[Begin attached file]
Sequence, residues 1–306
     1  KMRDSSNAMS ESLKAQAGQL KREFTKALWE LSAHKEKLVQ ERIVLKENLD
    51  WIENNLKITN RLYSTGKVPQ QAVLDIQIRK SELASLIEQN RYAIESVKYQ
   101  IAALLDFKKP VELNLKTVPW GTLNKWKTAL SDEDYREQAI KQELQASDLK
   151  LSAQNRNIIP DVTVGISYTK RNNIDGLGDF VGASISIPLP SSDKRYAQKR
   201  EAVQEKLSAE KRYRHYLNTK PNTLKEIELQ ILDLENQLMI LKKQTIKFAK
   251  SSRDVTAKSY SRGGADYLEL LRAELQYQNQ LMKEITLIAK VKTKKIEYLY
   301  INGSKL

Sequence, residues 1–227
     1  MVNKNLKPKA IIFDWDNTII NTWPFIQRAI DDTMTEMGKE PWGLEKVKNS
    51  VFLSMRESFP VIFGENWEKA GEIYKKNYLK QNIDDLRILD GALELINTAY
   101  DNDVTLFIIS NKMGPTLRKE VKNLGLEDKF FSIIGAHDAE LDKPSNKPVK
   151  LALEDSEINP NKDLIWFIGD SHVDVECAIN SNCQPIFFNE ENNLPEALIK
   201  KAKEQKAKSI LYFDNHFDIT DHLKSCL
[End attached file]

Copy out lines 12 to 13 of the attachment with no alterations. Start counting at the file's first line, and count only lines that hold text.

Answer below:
   101  DNDVTLFIIS NKMGPTLRKE VKNLGLEDKF FSIIGAHDAE LDKPSNKPVK
   151  LALEDSEINP NKDLIWFIGD SHVDVECAIN SNCQPIFFNE ENNLPEALIK